By Richard Breen
Photography ©2017 Brian Dressler / dresslerphoto.com
It’s amazing what a change of scenery can do.
“I don’t think I anticipated the extent of the impact that it’s had on me,” says Robert Wilcox, dean of the University of South Carolina School of Law. “I go in the library and I look at some of the study areas and I want to grab a book and sit down and do some research. It’s that motivating.”
What Wilcox and USC hope is that the school’s move into a new, $80 million building has a similar impact on students, producing better attorneys and improving the legal profession.
“We think behavior and conduct will in some ways follow the architecture,” Wilcox says. “This building, I think, sends the message that you’re in a little bit of a special place. Ideally, we will see a part of that professionalism in the character of our graduates.”
Columbia attorney Joel Collins, a 1968 USC law grad, has visited law schools across the country in his leadership roles with the American Board of Trial Advocates.
“Our school is going to be as nice as any of them – and probably technologically ahead of them,” Collins says.
Out of the shadows
The 187,500-square-foot building sits on the edge of campus, a block or so from USC’s historic Horseshoe. It overlooks Gervais and Bull streets, one of the busiest intersections in downtown Columbia. The front door is two blocks from the State House complex and Supreme Court.
“From a community standpoint, the visibility is entirely different here,” Wilcox says.
Indeed, the previous law school building was tucked into a hill between Main and Assembly streets, one of many nondescript edifices erected around Columbia by USC and government during the 1970s construction boom.
It replaced Petigru College, which had been built in 1950. Stan Lacy, a founding partner with Collins in the law firm that bears their names, was part of the first graduating class in the new building, in 1974.
“Petigru had a lot of character, but the law school had outgrown it,” Lacy says.
This time, the priority isn’t growth. USC doesn’t plan to drastically increase law school enrollment from its current 630.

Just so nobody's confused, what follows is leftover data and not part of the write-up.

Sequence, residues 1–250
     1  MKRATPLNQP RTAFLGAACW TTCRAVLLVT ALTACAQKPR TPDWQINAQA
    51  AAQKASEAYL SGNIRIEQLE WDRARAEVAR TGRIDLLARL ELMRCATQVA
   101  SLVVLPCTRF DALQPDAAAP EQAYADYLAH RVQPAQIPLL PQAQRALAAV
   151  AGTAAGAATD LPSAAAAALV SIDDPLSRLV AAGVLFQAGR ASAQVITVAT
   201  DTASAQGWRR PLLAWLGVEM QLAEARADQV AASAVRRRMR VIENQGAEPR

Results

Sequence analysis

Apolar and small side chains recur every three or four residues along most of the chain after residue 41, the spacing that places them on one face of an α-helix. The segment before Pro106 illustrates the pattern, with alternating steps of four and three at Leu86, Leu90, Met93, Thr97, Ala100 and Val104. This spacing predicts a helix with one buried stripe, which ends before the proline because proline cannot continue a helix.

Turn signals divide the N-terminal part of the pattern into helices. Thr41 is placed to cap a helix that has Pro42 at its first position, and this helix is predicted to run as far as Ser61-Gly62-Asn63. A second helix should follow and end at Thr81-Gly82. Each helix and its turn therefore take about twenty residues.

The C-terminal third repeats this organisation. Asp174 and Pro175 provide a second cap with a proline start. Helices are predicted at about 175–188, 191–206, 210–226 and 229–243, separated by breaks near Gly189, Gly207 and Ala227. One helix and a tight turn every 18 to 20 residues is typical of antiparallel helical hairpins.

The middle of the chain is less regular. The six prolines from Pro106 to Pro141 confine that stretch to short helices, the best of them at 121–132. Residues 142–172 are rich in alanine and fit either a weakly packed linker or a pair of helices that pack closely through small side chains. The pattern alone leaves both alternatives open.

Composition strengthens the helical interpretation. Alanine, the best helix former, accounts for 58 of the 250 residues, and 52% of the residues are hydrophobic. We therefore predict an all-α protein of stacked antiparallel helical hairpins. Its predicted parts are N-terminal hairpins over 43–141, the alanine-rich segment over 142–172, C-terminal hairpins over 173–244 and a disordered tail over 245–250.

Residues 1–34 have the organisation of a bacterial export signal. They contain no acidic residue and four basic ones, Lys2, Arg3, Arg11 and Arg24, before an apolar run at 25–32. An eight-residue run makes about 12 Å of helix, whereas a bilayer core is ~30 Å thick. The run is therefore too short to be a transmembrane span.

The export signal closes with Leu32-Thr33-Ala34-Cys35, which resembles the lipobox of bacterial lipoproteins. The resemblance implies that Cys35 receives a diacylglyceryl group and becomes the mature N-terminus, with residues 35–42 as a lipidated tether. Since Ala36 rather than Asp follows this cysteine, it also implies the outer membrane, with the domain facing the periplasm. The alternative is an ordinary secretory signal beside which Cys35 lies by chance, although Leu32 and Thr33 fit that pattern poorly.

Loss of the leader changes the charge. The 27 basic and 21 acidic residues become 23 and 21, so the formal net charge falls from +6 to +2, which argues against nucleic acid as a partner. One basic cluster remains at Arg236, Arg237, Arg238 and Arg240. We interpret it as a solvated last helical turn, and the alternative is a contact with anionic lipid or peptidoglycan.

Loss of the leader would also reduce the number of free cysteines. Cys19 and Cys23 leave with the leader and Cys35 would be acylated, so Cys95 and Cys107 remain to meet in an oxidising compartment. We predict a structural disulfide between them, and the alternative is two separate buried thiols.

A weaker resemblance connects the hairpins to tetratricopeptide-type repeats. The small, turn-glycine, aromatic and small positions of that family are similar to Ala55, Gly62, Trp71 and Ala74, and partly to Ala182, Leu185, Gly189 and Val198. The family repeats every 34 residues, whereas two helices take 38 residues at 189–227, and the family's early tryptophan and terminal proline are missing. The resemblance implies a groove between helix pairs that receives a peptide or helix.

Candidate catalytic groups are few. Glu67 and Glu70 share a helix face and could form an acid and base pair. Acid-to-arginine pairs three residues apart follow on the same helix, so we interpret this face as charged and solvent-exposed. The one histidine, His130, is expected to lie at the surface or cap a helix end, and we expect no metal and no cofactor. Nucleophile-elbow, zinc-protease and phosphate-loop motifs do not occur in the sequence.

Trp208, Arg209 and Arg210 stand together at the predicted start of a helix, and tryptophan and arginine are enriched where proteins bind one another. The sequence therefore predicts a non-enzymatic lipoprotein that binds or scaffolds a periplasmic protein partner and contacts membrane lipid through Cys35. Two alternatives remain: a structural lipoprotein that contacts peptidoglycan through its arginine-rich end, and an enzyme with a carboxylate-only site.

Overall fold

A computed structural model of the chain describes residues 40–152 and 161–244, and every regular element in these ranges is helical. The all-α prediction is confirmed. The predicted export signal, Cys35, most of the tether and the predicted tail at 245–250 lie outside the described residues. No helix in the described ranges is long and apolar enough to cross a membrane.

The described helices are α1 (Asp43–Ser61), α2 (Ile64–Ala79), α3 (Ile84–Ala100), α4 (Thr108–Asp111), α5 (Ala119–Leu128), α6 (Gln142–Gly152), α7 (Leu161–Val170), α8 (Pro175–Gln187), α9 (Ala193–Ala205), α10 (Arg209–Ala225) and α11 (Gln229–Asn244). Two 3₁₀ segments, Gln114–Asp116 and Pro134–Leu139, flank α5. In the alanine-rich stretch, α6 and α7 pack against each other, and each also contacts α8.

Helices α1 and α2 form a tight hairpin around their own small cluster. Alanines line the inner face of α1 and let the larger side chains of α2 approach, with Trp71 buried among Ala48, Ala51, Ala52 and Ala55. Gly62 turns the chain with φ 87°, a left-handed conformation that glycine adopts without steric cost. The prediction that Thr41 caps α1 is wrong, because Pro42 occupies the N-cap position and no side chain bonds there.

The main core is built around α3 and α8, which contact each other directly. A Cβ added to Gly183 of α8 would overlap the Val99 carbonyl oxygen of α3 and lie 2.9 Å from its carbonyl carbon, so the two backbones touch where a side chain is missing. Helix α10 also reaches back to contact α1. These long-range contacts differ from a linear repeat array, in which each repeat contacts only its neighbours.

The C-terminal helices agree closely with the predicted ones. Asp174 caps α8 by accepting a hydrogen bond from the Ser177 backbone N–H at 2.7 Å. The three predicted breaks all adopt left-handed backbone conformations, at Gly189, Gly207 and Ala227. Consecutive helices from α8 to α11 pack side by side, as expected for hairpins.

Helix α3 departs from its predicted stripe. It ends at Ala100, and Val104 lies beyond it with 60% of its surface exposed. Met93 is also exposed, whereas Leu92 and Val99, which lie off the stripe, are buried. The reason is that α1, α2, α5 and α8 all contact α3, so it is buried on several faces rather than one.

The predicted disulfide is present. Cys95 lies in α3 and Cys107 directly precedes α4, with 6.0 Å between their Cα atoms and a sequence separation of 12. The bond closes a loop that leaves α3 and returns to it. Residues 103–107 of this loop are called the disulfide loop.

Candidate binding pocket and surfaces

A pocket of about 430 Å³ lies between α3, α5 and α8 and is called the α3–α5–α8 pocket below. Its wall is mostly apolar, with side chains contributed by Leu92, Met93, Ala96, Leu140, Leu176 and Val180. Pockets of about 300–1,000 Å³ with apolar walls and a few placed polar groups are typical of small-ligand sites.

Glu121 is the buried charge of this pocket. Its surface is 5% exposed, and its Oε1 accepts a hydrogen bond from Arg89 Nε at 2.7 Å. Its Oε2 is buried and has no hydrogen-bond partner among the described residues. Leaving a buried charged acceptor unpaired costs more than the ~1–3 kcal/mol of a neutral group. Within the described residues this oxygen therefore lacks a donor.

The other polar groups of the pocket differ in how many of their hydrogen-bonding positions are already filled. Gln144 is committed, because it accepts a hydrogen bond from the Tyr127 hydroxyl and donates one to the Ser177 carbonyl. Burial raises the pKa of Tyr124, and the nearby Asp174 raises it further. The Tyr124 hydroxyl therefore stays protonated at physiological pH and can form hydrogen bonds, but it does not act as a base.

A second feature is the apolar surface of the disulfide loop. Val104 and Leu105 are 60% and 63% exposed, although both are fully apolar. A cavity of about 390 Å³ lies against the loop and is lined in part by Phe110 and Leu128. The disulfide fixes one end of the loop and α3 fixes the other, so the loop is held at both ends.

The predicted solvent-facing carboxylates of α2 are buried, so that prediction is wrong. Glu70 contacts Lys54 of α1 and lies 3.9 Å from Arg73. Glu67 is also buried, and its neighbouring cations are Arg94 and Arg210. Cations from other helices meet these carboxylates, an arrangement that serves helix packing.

“That building was a perfectly functional building at that time,” Wilcox says of the facility in which he earned his 1981 law degree, “but it was a different kind of world because of the lack of technology. That changed and the building couldn’t change with the time.”
The new building brings faculty offices and classrooms closer together. The classrooms themselves boast the latest presentation technology and have been designed for greater intimacy.
“The expectation is the students will engage each other more,” Wilcox says. “A lot of the learning of law comes from the interaction between students.”
Flexibility was also a necessity for the new facility, designed by The Boudreaux Group and Smith Group JJR with construction management by Gilbane Co.
“It was very intentional that as something grows and something else shrinks, you could just move the pieces of the puzzle,” Wilcox says. “I have every expectation that in 20 years, maybe less, the library will be smaller than it is today. But then that will be space that something else will grow into.”
There’s also more informal gathering space in the new building. Lacy, who has served as an adjunct law professor at USC for the past 36 years, recalls his law school study groups.
“We always met at somebody’s apartment because there was nowhere to meet at the law school,” he says.
The building opened in May. Classes began in June. A formal dedication, which will also celebrate the 150th anniversary of the school’s founding, is scheduled for Sept. 14, with remarks from U.S. Supreme Court Associate Justice Samuel Alito.
It will in some ways mirror the May 1974 dedication of the previous building, which featured Associate Justice Lewis Powell. Issues of the day also provide similarities. Gerald Ford, just months away from succeeding Richard Nixon as president, spoke in Columbia at a Law Day luncheon prior to the dedication.
“These are difficult days for the legal profession,” Ford told the assembled attorneys, judges, students and elected officials. “Lawyers are accused of crimes. Prosecutors and police are accused of running roughshod over individual rights. And the courts are often charged with aggravating the crime problem.”
What can a law school, or a new building for that matter, do to change decades-old perceptions? Collins is reminded of the Winston Churchill quote: “First we shape our buildings and afterwards our buildings shape us.”
“The young people that go to law school nowadays are well prepared to be instruments of change,” Collins says. “I have enormous confidence in these young people.”